As a supporter of Israeli sovereignty, I am increasingly frustrated by Israel’s lack of commitment to the peace process in the Middle East. Israel’s hard-line President Benjamin Netanyahu’s policy of continued settlement construction in the West Bank, where Israelis kick Palestinians off land guaranteed to them in the Oslo Accords, benefits neither Israel nor Palestine. By May 2009, there were 280,000 Israeli citizens living in 121 settlements in the West Bank, and Israel currently has 300 new construction projects underway there; the U.N. has recognized these settlements as a violation of international law. From a terrorist organization like Hamas, we expect antagonistic actions like these even though we do not accept them. For Israel, we should do neither; if Israel does not respect past accords, how can it be trusted to respect future ones? While I fully endorse Israel’s right to defend itself against rocket attacks from Palestinian territories, West Bank settlements serve no defensive purpose; they only inflame Palestinian emotions.

Israel resembles less a sovereign nation than it does a selfish child playing in the largest sandbox in the world. Israel throws sand in the eyes of the other children, pushing them further to the outside of the box and building sand castles in their place. While moderate President of the Palestinian National Authority Mahmoud Abbas has committed to pursue a truce, his hopes have been dashed. On Thursday, exasperated with failed efforts to halt Israeli aggression, Abbas announced that he would not seek reelection.

Perhaps even more disturbing than Israel’s actions is Obama’s indulgence of this spoiled child. Obama plays the role of “acquiescent parent,” publicly asking infantile Israel to stop bullying its Arab neighbors and demanding a two-state solution while privately rewarding Israel with airplanes and guns to play with.

In June, Obama traveled to Egypt, one of the disaffected sandbox play pals, to soothe concerns, declaring, “The United States does not accept the legitimacy of continued Israeli settlements.” At the U.N. last month, he guaranteed “an insistence that Israel respect the legitimate claims and rights of the Palestinians” before peace talks begin. These promises were completely discredited last Saturday, however, by Secretary of State Hillary Clinton. At a press conference with Netanyahu, Clinton stated that freezing Israeli settlements “has never been a precondition, it has always been an issue within the negotiations” for a peace settlement between the Palestinian Authority and Israel.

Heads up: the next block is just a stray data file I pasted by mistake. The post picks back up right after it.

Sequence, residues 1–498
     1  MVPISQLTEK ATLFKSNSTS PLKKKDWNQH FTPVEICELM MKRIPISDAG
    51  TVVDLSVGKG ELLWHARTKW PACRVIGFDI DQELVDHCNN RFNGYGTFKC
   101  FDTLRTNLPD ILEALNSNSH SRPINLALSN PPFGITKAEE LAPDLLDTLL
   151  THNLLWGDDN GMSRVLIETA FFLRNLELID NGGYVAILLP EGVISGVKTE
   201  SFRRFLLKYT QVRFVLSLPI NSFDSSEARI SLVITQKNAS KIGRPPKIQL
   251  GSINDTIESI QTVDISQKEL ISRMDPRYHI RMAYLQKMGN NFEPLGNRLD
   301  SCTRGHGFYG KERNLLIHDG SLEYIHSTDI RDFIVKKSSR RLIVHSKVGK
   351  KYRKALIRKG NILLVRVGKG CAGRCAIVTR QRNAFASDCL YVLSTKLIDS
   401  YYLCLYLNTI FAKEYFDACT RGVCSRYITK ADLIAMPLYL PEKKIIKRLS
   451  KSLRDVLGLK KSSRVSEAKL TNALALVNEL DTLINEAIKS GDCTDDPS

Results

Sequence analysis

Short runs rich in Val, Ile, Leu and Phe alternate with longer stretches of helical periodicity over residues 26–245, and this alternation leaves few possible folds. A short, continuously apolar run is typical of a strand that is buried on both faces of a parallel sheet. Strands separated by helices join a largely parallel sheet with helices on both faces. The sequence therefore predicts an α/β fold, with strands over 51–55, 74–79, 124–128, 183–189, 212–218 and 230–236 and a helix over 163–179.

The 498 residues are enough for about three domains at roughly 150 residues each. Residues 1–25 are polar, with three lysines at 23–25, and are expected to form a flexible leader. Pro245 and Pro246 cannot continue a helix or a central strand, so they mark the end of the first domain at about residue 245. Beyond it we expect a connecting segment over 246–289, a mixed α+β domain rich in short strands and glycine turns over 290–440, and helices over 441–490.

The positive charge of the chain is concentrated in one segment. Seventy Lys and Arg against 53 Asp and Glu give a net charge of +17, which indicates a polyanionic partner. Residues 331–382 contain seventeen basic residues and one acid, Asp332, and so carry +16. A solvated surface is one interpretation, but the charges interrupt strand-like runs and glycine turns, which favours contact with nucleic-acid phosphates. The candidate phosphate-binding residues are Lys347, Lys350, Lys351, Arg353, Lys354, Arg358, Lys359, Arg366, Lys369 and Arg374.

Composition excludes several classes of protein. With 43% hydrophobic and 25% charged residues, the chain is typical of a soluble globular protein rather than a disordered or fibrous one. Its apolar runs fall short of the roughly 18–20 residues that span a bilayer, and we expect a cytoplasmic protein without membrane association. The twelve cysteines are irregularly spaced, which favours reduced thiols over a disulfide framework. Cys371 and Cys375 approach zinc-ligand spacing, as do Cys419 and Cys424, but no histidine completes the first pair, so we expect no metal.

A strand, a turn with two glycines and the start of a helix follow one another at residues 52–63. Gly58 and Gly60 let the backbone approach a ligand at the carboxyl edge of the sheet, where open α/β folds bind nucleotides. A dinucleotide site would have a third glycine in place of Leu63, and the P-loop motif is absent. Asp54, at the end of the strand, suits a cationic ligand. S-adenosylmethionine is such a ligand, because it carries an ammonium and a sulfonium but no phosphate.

Nobody expects Washington to mediate a Middle East peace impartially, but must the U.S. kowtow to the Jewish lobby on every issue? I suppose I was naïve to expect change from this administration on Middle Eastern policy. Despite Obama’s lofty rhetoric, I find politics as usual from an administration that treats its sole Middle East ally as infallible. Obama must hand Israel a soft spanking; diplomatic reprimands or trading sanctions until it completely halts all settlements. Yes, I know midterm elections are looming in the U.S. and yes, I know Democrats need the Jewish vote. But the implications of a sovereign Israeli state are more profound than poll numbers or congressional races; it will take courage to sacrifice politics for peace. Obama should aim for a two-state solution in the Middle East. However, he must realize that goal is unattainable so long as Israel treats its borders as transient lines in the sand.